Tuesday, February 5, 2008

Study Shows that Patients who Listen to Music Need Fewer Drugs

Music or drugs: which is better? You said drugs, hands down, right? Well, it seems that music potentiates the effects of sedatives.

It appears that listening to Mozart has a definite sedative effect on the body; with defined benefits. The news comes from study author Claudius Conrad, MD, PhD, Senior Surgical Resident, Massachusetts General Hospital; Harvard Medical School.

We now have measureable proof that our body responds favorably to music. The physiologic mechanisms have not been previously known. These results yielded such positive information that further study is planned.

The analysis was performed on critically ill patients who were free of sedation while music was provided. Data was collected before and after the patient's exposure to Mozart. Measurements of heart rate, blood pressure, stress hormone levels, and cytokine release were performed.

The results were a pleasant surprise – the patients required much less sedation than normal to achieve the same level of comfort. Lower blood pressure and heart rate was seen as the result of decreased levels of stress hormones.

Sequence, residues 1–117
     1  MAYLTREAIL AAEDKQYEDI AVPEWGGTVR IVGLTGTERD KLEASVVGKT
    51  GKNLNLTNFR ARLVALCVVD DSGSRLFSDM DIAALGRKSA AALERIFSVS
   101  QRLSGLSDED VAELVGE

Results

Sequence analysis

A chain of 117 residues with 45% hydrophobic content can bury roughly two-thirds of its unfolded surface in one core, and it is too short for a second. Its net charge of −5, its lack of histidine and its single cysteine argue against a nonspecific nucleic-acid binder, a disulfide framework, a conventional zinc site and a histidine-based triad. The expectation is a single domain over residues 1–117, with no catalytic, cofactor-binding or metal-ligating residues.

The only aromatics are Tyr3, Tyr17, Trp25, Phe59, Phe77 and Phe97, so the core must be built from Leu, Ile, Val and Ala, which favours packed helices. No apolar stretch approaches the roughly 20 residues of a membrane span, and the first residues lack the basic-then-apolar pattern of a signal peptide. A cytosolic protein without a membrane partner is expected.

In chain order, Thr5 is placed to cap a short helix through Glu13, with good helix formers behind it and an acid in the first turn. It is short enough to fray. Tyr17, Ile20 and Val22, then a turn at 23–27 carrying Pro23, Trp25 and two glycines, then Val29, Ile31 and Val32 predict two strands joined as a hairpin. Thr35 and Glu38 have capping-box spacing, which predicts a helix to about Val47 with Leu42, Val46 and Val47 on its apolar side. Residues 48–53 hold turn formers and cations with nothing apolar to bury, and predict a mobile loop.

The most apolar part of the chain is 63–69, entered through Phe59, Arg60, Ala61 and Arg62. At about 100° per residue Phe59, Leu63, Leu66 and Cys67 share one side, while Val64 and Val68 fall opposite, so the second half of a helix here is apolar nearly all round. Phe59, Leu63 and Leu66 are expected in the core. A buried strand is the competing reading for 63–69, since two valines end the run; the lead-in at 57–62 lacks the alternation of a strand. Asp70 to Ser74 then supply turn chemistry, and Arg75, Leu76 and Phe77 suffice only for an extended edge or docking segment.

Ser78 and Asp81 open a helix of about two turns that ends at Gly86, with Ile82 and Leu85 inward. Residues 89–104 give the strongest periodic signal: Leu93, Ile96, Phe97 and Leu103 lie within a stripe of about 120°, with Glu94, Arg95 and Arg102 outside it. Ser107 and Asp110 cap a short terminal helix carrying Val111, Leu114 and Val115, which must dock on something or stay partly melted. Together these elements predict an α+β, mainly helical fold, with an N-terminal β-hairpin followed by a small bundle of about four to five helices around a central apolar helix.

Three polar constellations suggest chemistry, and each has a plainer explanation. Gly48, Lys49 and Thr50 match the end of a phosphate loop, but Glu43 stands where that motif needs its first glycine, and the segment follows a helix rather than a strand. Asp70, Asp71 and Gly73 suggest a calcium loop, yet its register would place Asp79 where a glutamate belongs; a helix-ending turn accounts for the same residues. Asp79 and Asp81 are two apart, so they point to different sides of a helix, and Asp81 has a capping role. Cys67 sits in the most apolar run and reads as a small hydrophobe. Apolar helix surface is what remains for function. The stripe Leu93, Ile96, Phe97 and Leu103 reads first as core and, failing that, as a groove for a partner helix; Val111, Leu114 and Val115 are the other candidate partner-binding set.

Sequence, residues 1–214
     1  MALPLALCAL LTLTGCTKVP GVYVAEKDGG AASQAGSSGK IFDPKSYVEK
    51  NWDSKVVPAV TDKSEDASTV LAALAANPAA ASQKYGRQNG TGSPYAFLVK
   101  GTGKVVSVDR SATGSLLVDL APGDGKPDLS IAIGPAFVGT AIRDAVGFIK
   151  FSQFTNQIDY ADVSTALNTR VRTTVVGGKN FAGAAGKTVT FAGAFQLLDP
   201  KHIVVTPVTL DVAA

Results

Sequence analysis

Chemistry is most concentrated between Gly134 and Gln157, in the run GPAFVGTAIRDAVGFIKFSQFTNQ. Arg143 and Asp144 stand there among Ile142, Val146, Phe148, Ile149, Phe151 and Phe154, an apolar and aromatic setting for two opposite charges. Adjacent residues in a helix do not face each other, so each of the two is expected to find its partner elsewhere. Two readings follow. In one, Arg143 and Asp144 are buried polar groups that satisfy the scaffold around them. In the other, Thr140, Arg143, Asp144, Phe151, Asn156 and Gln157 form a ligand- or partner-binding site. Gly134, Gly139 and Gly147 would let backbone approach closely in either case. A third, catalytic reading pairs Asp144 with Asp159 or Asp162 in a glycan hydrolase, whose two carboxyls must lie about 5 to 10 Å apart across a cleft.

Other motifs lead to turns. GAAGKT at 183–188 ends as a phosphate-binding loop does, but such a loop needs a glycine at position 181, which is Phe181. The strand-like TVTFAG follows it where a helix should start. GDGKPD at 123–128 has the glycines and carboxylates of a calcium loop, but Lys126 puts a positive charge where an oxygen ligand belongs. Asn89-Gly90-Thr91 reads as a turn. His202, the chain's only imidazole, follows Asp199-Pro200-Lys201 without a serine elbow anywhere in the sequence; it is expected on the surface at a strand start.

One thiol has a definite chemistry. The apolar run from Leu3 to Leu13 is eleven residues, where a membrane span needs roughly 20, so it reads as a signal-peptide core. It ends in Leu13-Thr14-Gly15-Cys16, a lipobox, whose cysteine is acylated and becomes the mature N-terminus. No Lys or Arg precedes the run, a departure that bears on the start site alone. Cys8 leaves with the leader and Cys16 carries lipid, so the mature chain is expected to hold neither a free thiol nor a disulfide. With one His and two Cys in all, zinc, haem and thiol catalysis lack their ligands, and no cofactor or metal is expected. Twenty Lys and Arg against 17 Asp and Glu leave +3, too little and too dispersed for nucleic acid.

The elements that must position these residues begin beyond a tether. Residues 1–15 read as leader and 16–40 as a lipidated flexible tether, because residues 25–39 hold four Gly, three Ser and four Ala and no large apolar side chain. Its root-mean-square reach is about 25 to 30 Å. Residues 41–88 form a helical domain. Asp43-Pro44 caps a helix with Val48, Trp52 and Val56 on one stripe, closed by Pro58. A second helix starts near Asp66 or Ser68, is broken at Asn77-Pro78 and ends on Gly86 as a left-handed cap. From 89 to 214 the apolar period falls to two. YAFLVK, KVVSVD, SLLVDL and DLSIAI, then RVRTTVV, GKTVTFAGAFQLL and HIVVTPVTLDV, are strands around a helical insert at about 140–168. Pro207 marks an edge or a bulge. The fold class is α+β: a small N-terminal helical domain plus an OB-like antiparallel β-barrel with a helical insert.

The study was performed only on patients who were on ventilators and deemed severely ill. They were exposed to one hour of Mozart’s slow movement piano sonatas. Because the patients were so ill, and the only music offered was from Mozart, questions remain about whether or not the same effect would be found in other patient populations; with different music.

Physicians who have been studied have also responded favorably to music. Studies are cited showing that surgeons were able to perform mental subraction more quickly while listening to their favorite music. Models are developed to find ways to integrate 'musical sedation' into clinical practice.

A recent small study from the Cochrane review also found that music may be effective for treating depression. The confidence level regarding the result is low because only five studies were included in this particular review. High quality studies would further define if music might also be an effective treatment for depression, but these preliminary reviews certainly suggest the possibility.

Now you can perform your own study – go listen to Mozart, or other music to your liking, and see how you feel before; then after. Enjoy!

Ref: http://www.medscape.com/viewarticle/569013?src=mp